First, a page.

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Federal Emergency Management Agency
Mission | History | Who's in Charge | Issues | On the Web

Wednesday, December 18, 2002


FEMA is charged with reducing loss of life and property and protecting the nation's infrastructure from all types of hazards. FEMA coordinates the federal government's response to disasters, and makes disaster assistance funds available to communities and individuals after they happen. The agency also administers national flood and crime insurance programs, helps state and local governments prepare for disasters and advises on building codes and flood plain management.

FEMA will also house a new Office of National Preparedness that the Bush administration says will coordinate the federal government's defenses against terrorism and respond to domestic terrorist attacks.


Congress first acted to help a community through a disaster in 1803, after a New Hampshire town suffered an extensive fire. In the next century, legislation was passed more than 100 times in response to hurricanes, earthquakes, floods and other natural disasters.

By they 1930s, several federal entities were working to mitigate disasters, including the Army Corps of Engineers, the Bureau of Public Roads and the Reconstruction Finance Corporation. In the 1960s and '70s, a series of major disasters - including hurricanes Carla, Betsy, Camille and Agnes, and earthquakes in Alaska and Southern California -- focussed attention on emergency management, which was spread out across many federal agencies and duplicated efforts of state and local governments.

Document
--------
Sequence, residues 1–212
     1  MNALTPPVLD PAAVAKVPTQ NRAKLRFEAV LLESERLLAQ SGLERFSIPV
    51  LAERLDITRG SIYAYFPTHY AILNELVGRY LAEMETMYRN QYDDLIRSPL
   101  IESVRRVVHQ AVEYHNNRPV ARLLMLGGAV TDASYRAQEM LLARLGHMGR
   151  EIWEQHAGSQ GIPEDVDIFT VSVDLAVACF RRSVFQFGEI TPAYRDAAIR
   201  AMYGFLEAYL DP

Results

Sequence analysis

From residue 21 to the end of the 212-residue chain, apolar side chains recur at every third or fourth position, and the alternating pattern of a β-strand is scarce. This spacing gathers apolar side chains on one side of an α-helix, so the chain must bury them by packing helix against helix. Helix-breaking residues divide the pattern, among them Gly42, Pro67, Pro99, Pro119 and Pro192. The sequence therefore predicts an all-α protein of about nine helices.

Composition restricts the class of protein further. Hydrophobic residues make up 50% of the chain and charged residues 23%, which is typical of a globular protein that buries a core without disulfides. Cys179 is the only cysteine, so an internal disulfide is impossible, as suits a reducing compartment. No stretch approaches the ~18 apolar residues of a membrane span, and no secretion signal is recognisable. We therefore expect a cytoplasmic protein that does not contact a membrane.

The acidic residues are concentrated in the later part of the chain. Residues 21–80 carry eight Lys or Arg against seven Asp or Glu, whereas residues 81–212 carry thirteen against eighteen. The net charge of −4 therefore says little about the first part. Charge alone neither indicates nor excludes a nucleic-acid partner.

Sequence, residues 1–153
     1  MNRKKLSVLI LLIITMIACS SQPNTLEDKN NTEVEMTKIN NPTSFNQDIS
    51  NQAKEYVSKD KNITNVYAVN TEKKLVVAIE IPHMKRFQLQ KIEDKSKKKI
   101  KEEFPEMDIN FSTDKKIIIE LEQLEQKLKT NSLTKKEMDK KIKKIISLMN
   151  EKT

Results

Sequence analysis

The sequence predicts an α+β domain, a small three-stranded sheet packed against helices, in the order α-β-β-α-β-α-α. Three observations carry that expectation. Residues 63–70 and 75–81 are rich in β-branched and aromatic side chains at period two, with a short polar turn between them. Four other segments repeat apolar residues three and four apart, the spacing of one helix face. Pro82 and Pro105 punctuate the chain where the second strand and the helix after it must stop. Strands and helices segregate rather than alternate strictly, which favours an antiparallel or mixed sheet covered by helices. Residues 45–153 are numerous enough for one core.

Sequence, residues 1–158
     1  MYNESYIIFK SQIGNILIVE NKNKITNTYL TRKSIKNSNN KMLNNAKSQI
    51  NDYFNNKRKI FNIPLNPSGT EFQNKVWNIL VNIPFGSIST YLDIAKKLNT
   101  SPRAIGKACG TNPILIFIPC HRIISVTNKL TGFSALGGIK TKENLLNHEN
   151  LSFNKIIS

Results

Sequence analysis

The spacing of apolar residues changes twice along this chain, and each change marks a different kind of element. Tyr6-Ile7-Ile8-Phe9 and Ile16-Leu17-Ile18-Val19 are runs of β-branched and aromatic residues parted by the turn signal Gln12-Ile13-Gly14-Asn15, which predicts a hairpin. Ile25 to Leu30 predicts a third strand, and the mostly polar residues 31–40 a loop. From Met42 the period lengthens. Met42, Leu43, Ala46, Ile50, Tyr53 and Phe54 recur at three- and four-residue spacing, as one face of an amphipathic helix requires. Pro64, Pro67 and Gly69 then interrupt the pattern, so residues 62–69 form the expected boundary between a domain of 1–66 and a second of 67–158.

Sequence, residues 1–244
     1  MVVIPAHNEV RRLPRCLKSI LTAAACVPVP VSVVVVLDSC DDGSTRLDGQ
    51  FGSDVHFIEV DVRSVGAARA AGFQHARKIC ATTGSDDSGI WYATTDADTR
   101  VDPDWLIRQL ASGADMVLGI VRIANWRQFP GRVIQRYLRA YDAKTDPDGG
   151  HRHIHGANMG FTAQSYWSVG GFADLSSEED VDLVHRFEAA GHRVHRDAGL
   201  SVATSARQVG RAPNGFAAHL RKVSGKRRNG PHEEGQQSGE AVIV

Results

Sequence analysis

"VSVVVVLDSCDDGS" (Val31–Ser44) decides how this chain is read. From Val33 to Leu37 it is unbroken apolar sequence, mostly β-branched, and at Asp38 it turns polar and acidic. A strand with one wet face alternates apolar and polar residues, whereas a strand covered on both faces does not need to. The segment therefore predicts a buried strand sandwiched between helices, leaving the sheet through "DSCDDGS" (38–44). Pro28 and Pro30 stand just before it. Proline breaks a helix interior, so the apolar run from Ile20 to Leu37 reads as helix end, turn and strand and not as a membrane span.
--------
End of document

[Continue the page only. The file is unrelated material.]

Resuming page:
The National Governor's Association asked President Jimmy Carter to centralize federal emergency functions, which he did by a 1979 executive order merging disaster-related responsibilities into a new Federal Emergency Management Agency. FEMA's first emergencies included the contamination of Love Canal, the Cuban refugee crisis and the accident at the Three Mile Island nuclear power plant.

Who's in Charge:

FEMA Director Joseph Allbaugh was Bush's chief of staff when he was governor of Texas and ran his gubernatorial and presidential campaigns. He was the third point of Bush's "iron triangle," joining communications director Karen P. Hughes and chief strategist Karl Rove. Allbaugh has resigned and will leave the agency on March 1.


The devastating Mississippi River flood of 1993 prompted FEMA to focus less on battling rivers and more on moving families and buildings out of their path. Those efforts paid off in the flood of spring, 2001,when damage estimates were only about 5 percent of the costs of 1993. However, the Bush administration has proposed slashing funds for several mitigation programs, a move Allbaugh has openly criticized.

Some members of Congress are also concerned that Bush's planned Office of National Preparedness could divert resources from the FBI and other agencies responsible for dealing with domestic terrorism.

On the Web:

FEMA for Kids activity pages